As for the Greens, perhaps the most remarkable finding is the (almost) complete absence of green issues as significant predictors of new voters. If we exclude the party’s credibility on introducing a speed limit on German highways, no other environmental issue influenced the electoral gains of the party. Instead, we found that a combination of progressive, cultural and economic goals were the most electorally rewarding. The party’s gains were driven by its credibility on deepening EU integration and promoting all models of the family on the cultural side; while on the economic side, taxing high incomes and promoting social justice were important drivers of support. We also found an effect from the party’s credibility on globalisation.
The FDP was able to mobilise new voters based on its credibility on deepening EU integration and opposing speed limits on German highways. This profile enabled the party to take polarising positions vis-à-vis other smaller parties such as the Greens (on speed limits) or the AfD (on EU integration). We also found that the party was rewarded for its credibility on promoting market-liberal stances in the economic realm. Hence, it benefitted from its stances with regard to increasing the flexibility of the German pension system as well as its opposition toward increasing taxes for those with higher incomes and wealth.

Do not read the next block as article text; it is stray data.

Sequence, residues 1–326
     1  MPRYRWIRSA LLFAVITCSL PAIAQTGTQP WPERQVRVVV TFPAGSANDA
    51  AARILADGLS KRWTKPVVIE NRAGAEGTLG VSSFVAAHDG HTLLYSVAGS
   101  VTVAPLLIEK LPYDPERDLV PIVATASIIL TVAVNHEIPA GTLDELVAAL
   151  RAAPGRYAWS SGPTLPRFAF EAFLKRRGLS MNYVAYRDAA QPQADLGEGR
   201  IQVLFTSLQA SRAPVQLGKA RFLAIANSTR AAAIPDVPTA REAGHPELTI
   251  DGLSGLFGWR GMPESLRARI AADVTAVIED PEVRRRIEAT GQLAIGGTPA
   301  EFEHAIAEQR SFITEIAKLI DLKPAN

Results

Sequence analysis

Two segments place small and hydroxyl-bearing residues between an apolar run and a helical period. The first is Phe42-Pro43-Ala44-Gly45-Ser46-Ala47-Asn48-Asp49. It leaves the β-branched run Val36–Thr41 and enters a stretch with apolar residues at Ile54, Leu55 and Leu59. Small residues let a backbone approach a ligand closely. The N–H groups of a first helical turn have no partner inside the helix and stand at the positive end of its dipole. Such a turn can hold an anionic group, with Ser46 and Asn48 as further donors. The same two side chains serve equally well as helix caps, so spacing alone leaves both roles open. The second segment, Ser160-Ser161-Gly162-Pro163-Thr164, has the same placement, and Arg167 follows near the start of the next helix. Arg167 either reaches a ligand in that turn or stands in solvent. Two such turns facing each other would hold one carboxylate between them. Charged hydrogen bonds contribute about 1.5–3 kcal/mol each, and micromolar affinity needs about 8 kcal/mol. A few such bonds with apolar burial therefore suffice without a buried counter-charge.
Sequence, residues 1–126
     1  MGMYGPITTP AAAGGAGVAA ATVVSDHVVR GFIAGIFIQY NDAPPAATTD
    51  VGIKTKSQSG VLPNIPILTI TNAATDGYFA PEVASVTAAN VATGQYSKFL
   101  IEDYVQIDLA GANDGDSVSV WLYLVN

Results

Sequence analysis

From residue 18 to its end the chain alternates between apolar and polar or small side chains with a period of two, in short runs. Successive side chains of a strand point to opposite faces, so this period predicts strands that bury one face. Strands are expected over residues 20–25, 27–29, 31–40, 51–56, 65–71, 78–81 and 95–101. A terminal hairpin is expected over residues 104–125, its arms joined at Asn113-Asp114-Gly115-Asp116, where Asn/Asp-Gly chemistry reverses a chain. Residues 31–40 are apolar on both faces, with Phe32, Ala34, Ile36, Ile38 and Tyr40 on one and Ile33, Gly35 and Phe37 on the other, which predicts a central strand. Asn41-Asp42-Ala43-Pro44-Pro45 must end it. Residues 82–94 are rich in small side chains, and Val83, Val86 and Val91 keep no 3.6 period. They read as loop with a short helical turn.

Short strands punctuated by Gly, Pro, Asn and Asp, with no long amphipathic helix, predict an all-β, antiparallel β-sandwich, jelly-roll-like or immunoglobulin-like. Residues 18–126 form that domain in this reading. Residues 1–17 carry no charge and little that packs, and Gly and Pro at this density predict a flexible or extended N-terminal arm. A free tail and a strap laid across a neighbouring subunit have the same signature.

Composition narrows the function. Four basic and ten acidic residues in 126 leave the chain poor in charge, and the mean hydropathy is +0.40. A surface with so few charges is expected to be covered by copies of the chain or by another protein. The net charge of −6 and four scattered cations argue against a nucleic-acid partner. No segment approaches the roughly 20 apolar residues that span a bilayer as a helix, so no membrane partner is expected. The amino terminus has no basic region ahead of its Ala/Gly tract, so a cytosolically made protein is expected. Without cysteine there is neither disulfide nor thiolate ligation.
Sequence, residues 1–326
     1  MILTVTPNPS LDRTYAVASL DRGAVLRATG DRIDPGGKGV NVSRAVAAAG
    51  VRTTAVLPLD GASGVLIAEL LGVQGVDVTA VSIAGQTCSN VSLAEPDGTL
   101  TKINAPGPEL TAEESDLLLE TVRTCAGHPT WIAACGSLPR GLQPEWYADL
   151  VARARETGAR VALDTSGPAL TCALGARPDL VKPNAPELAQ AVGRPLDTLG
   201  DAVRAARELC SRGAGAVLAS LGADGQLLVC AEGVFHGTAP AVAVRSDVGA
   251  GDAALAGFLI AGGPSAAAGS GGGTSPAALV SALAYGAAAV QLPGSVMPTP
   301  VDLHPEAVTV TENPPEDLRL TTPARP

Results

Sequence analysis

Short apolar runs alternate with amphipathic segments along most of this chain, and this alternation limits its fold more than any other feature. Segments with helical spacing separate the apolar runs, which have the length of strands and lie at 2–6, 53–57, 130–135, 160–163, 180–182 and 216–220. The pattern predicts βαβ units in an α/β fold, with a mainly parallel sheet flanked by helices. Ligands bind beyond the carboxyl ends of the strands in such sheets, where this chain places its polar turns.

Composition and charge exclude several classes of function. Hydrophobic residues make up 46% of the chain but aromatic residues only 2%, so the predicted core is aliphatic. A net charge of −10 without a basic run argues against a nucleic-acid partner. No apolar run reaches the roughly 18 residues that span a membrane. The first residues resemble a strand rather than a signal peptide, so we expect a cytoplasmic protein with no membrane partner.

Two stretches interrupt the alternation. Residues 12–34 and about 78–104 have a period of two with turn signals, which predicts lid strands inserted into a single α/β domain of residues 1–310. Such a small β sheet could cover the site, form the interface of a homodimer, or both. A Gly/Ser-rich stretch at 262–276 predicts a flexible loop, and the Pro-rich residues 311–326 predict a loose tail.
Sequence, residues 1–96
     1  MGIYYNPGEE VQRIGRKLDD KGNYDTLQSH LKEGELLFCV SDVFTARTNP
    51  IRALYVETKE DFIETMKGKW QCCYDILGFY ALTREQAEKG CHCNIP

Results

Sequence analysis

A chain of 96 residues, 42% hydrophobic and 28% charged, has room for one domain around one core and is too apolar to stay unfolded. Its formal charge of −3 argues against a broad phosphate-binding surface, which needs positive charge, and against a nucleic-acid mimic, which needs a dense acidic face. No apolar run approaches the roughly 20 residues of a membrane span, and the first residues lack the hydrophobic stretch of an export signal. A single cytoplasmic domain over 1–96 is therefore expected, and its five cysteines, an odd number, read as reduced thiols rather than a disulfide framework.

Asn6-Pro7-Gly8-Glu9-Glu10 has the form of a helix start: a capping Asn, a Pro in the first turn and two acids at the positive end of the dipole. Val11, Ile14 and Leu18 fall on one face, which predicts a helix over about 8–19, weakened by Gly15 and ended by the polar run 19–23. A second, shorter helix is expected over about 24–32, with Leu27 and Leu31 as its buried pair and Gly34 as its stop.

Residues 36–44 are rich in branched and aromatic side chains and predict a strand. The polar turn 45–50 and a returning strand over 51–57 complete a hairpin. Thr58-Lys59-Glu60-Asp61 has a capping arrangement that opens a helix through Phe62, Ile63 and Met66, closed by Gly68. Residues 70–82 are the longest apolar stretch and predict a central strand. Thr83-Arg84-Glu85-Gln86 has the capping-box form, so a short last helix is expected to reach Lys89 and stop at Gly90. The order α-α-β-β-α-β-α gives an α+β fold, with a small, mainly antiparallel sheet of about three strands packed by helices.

Finally, the radical-right and populist AfD combined conservative policy objectives in the cultural domain with economically liberal policy objectives. The party was rewarded for its Euroscepticism, but also for its stance to create flexibility concerning the retirement age. It also attracted voters via issues related to climate change (energy transition and protection of the environment) as it was the only relevant German party questioning man-made climate change. Interestingly, both the AfD and Die Linke benefitted from their credibility on tackling terrorism, which is likely a consequence of the high levels of both right-wing and Islamist terrorism in recent years.
Characterising the election
Our analysis provides a complex issue characterisation of the election. It is clear the economy played a major role in determining the final outcome – at least when it came to vote-switching. This points to important differences compared to the 2017 election, in which economic issues did not play a major role. Not only the SPD, but also other parties both on the left and right were able to attract new voters via their credibility on economic issues. Interestingly enough, the SPD was especially rewarded for its leftist profile.